A Uniting Church coeducational independent day and boarding school on Kaurna Country, Adelaide, South Australia

Early Learning to Year 12

From the Principal - Edition 6 - 2022

At the moment, it would seem everywhere we turn we are confronted by images and adverts of politicians seeking election or re-election in the looming federal election. Vast sums of money are being poured into efforts to influence voter opinion and promises are being made that seem to us to have little chance of being fulfilled. Our streets are lined with the placards of those who seek to represent us. We all hope that their motivation to be elected is based on the altruistic desire to serve their constituents, rather than their chosen party manifesto.

However, when it comes to elections and the media surrounding them, we do wonder how aware politicians and their advisors are of the effect they are having on those they are striving to influence? So many seem blithely unaware of their capacity to effect change, and even less aware of how to lead their constituents in effecting change.

As educators, we must all be aware of our impact. We must constantly pay heed to the effect we have on the students we teach and with whom we grow too. The effect of a great teacher can be incredible and a significantly positive influence to shape the lives of the students in their care. A teacher who doesn’t see the gravitas in their role, grow and learn can be the complete opposite. They can have a lasting negative impact. Obviously, at Westminster, we strive for this impact to be positive and help all the students at our School achieve more than they thought possible. Our teachers are all strongly encouraged to know their impact and effect.

All of us have the capacity to effect change. Our ability to effect lasting change rests in successfully recognising where to start and creating congruence around the effect we want to have. If our students, for example, want to effect change about global warming they can all easily cut down on food waste. One-third of all food produced is wasted and the production of this food is a large contributor to greenhouse gas emissions and therefore global warming. Likewise, they can stop consuming overpackaged food. If they want to help with reducing environmental pollution, they can stop creating it by perhaps catching the train or riding a bike to School or not placing readily recyclable rubbish in general waste.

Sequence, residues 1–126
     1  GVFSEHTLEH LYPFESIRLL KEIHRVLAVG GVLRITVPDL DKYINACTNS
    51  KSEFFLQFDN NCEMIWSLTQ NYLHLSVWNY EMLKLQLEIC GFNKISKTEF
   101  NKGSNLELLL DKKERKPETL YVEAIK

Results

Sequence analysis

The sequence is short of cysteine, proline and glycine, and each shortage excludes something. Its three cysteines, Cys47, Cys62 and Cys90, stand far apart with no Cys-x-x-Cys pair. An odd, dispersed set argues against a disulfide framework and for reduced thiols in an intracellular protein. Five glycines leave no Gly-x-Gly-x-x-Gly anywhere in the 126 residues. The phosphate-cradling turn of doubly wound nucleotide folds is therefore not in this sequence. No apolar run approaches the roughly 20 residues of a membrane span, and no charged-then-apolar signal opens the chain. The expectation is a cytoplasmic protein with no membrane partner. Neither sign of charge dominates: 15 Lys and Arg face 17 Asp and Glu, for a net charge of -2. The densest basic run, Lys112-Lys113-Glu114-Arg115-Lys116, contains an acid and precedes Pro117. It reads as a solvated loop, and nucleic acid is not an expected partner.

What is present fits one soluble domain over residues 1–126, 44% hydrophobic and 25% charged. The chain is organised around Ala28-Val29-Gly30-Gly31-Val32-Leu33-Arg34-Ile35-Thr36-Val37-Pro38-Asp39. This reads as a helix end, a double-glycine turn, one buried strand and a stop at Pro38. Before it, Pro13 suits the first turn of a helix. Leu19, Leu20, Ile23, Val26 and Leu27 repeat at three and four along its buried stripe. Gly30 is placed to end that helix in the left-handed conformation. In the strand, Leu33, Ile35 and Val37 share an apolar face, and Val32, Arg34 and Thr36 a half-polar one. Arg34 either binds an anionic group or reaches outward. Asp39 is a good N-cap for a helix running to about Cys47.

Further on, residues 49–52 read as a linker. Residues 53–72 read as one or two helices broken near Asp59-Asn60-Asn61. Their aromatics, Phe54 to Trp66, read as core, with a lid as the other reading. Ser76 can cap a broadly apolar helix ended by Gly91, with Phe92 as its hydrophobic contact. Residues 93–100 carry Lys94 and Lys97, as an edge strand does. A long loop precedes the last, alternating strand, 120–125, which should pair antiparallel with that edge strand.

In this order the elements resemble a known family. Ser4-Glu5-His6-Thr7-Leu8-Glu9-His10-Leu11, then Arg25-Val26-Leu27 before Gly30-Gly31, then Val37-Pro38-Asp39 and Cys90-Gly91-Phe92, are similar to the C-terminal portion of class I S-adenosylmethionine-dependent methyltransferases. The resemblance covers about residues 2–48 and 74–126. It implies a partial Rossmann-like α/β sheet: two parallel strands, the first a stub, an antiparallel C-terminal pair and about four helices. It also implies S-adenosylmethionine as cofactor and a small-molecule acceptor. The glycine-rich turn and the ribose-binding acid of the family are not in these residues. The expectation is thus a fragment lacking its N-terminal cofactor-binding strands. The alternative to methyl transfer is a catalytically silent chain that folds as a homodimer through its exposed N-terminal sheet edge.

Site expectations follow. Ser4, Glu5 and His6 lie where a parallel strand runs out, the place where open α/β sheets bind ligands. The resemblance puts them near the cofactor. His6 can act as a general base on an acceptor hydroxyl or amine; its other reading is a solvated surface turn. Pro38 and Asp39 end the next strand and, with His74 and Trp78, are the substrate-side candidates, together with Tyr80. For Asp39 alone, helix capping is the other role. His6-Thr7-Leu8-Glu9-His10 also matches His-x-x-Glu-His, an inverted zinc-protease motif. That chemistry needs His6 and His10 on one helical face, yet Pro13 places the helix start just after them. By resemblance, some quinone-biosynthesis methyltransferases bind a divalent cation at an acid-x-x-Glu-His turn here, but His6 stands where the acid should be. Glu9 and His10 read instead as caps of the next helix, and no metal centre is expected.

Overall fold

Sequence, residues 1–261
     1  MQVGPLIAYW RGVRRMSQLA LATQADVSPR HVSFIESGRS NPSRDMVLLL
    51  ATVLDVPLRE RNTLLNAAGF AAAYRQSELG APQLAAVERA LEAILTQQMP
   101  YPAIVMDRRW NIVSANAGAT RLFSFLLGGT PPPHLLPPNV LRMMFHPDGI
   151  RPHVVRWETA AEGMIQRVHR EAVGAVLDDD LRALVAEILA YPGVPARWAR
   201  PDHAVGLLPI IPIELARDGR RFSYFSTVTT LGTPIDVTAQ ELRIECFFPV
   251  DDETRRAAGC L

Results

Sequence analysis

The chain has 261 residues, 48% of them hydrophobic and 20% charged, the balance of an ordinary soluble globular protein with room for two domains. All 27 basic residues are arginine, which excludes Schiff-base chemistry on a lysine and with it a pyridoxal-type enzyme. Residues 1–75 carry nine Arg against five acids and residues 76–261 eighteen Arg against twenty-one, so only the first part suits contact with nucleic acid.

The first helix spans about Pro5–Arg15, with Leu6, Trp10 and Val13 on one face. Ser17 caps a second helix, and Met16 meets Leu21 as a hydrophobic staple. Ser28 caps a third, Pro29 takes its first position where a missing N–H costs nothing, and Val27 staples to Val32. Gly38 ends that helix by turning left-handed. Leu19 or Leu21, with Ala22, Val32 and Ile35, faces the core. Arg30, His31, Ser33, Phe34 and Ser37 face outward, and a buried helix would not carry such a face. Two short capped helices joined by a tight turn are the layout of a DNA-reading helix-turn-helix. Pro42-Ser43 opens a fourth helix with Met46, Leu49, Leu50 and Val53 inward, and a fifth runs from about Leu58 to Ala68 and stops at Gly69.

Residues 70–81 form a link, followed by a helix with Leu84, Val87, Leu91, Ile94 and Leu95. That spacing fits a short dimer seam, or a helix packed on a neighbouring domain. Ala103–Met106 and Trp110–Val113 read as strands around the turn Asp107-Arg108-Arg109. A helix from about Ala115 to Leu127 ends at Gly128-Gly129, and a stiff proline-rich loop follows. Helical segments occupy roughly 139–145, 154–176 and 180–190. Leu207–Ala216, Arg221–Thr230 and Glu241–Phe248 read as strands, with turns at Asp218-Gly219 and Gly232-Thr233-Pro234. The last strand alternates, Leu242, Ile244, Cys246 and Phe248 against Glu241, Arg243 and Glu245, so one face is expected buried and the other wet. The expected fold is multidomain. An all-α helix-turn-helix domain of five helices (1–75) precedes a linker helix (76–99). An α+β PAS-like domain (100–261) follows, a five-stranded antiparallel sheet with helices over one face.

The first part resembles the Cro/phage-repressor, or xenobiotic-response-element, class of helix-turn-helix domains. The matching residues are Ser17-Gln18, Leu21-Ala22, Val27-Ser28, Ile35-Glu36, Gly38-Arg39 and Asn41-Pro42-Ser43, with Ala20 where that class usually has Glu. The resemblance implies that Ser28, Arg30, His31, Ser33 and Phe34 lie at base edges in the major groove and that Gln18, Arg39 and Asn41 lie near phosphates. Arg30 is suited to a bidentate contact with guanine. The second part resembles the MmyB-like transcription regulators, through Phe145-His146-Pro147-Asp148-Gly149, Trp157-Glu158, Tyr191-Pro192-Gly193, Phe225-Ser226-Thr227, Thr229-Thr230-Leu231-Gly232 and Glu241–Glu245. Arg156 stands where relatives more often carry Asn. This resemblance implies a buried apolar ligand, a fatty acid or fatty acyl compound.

As their effect is reinforced, they may become braver and influence others to change, building critical mass. All of this is effective action caused by them knowing their impact. Their efforts are directed and purposeful, and they will achieve change. Perhaps from little things, big things will grow (thank you Paul Kelly).

As a community, we have the responsibility to try and improve the society we live in. We have to be brave to do this and we must be aware of our influence and the change we can effect. As our Council and staff make decisions around improving our School, we are well aware of the effect we can have. The two new buildings we opened last week, namely the Forder Centre and Year 12 Centre, have through observation and feedback already had a marked effect on our community in a hugely positive manner. As we did for the Inquiry and Innovation Hub, we are preparing to offer parent and caregiver tours of our new facilities. In the weeks ahead when you come to tour, I hope that you can also feel the effect of our campus improvements in the same way our students have.

Simon Shepherd